If there was a single takeaway from the recent San Francisco RSA conference, it was that security threats are more ubiquitous, persistent and pernicious than ever.
According to Gartner, the financial impact of cybercrime will grow 10 percent through 2016. Worse still, according to ISACA, is that 80 percent of breaches today have a root cause in social engineering; one type of breach attempt, phishing, has become the most dangerous attack vector in cybersecurity. Why? Because even as enterprises improve their network security with technology, black hats are finding it far easier to hack users via phone, email, and specially crafted websites.
Businesses have responded to the omnipresent threat by hiring more information-security personnel; in a bid to protect intellectual property, firms are scooping up lots of techs with a CISSP or CISM. But not everyone working in information technology can work in the InfoSec department: In fact, it wasn’t until recently that InfoSec was on the corporate radar.
Today, chief security officers (CSOs) need to interoperate with a staff of IT workers who are not only familiar with security, but also work to advance it within the enterprise. That means IT workers of all stripes with some security experience on their resume have an advantage when it comes to the job hunt and promotions. So what security-related things can you place on your resume? Probably more than you think.
- Coders can stress how they used ERPM to obfuscate plaintext passwords on SQL queries.
- Application engineers can cite testing and deployment of privilege elevation software, or GP modifications to lock down the endpoint.
- Help desk technicians can cite an initiative to add security specifics into the ticketing system, or include the mundane task of issuing RSA soft tokens for smart phones, or maybe helping their operations department migrate to Duo.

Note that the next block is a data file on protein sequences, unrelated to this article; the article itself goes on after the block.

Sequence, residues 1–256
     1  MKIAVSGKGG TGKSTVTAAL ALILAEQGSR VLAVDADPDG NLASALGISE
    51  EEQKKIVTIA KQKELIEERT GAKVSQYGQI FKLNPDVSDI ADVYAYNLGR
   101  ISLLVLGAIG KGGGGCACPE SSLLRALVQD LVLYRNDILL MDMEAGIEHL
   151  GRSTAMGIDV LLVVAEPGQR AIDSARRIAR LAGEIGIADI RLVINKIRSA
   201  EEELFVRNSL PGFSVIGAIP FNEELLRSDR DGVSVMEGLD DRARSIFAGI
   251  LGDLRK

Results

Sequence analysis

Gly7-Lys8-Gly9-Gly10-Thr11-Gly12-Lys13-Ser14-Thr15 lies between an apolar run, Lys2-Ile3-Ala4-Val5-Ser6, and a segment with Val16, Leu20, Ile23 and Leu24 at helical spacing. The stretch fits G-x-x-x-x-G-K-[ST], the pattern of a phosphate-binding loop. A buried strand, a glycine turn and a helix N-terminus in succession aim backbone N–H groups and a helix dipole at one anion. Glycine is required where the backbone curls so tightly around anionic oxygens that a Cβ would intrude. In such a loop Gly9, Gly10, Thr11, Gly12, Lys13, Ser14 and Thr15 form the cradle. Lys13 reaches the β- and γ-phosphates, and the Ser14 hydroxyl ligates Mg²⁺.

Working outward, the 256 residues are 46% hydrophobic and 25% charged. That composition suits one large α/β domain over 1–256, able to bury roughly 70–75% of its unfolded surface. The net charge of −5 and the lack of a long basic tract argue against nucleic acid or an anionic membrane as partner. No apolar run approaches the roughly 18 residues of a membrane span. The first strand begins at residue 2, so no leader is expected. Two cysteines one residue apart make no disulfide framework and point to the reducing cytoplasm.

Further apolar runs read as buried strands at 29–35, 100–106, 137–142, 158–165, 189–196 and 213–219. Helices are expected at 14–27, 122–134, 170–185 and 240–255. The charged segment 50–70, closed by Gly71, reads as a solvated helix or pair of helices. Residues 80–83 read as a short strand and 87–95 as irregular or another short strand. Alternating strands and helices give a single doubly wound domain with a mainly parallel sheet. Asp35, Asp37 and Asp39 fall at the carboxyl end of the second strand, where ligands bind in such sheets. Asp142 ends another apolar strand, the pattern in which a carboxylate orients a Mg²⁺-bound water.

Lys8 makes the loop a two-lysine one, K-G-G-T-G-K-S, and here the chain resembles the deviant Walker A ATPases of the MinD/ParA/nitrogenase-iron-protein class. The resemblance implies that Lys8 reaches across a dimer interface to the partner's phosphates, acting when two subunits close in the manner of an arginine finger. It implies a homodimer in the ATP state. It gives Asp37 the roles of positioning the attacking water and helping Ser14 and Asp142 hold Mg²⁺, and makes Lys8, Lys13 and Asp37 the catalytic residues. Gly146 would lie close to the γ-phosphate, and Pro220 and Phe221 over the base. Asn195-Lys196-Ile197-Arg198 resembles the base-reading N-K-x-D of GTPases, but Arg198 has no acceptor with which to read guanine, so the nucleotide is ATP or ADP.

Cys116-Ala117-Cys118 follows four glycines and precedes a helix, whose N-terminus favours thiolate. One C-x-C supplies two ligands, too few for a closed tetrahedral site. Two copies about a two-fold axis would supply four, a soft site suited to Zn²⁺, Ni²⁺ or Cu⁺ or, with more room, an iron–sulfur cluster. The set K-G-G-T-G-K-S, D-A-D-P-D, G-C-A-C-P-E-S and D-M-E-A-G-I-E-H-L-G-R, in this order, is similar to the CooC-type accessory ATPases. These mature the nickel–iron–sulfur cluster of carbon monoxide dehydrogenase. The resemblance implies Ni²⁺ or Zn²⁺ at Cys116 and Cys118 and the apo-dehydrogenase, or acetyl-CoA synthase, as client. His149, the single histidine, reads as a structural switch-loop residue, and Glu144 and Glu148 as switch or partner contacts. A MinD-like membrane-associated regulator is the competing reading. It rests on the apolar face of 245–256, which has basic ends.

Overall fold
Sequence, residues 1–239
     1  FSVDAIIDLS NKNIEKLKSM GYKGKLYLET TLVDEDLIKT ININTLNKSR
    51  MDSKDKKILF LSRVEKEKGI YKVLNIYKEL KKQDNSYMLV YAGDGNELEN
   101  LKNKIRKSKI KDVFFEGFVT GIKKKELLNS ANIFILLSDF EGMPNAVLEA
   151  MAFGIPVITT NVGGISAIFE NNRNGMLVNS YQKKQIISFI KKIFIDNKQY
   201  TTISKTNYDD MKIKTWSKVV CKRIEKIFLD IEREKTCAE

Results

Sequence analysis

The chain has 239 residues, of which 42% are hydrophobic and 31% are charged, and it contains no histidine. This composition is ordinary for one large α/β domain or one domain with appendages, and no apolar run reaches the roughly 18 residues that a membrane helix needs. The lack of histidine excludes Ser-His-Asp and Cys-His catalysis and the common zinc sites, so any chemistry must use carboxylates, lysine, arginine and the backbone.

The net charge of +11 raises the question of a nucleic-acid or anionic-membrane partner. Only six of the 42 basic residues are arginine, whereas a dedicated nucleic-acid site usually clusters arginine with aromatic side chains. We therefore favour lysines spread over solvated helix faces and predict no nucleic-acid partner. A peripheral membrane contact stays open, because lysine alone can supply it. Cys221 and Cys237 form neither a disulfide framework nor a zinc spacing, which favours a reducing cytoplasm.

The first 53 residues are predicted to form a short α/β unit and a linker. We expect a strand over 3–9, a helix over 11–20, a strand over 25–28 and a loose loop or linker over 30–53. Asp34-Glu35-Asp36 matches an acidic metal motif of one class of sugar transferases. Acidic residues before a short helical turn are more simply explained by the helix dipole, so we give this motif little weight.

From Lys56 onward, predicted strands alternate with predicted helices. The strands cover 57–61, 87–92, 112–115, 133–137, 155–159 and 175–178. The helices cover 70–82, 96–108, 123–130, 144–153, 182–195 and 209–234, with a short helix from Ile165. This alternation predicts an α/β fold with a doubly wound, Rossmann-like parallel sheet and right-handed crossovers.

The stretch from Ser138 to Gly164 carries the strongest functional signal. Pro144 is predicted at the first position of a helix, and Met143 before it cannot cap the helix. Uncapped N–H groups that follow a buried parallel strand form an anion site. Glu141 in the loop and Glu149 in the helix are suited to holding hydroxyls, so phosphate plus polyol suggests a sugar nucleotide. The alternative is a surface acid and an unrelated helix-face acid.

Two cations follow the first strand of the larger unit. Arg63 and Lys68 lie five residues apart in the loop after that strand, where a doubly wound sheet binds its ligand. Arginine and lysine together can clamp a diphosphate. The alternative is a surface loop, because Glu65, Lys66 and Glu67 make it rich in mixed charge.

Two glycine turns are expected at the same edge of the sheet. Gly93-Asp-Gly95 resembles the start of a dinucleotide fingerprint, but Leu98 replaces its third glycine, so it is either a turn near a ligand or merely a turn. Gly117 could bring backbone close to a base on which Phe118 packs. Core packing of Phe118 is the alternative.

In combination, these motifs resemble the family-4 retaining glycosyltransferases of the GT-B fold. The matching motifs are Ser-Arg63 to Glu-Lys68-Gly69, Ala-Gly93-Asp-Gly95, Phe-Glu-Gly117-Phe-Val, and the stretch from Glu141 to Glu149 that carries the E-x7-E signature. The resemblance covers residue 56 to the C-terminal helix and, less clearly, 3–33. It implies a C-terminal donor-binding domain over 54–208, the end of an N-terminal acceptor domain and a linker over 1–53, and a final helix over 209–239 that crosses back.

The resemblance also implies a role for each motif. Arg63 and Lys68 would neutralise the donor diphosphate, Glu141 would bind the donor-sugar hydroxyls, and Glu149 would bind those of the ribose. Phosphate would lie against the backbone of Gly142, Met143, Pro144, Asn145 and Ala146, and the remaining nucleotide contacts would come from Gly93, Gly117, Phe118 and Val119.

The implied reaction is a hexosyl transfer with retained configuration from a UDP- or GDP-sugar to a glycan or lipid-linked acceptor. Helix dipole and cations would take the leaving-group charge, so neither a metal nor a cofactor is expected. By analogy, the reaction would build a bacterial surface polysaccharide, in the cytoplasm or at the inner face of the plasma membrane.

- Desktop support engineers can show how they’ve physically locked down PCs and institutionalized hard drive encryption.
If you don’t have anything security-related on your resume, begin today by asking the CSO or CIO where you can help as far as researching and testing a service. Maybe you can help view the mountains of logs generated by security software, or find a Big Data solution to crunch all that data to discover behavioral trends. The field is wide open. Even if your company never purchases the service in question, you now understand it, which means you can discuss it with some authority during a job interview.
There is also a growing field of security awareness, which involves teaching people how not to get tricked by social engineering. Security awareness is a low cost solution that anyone in a technology-centric role can implement, given the time. It can range from a monthly email program to fully robust classes that demonstrate, for example, how someone can hack a PC. Many companies lack a security awareness position, and probably wouldn’t be adverse to someone volunteering to take it over.
Another good way to get security on your resume is to get a certification. CISSPs are very hard to get; CISM is designed around understanding the business needs of InfoSec; CompTIA also offers some known certifications.
Have you touched any security technologies? If so, you’d do your career a favor by highlighting them on your resume. Security is not just the latest buzzword; it can pose an existential threat to the enterprise (just ask Sony). Businesses are investing heavily in security technologies and people to protect them; a resume that is angled to show security is more likely to get noticed.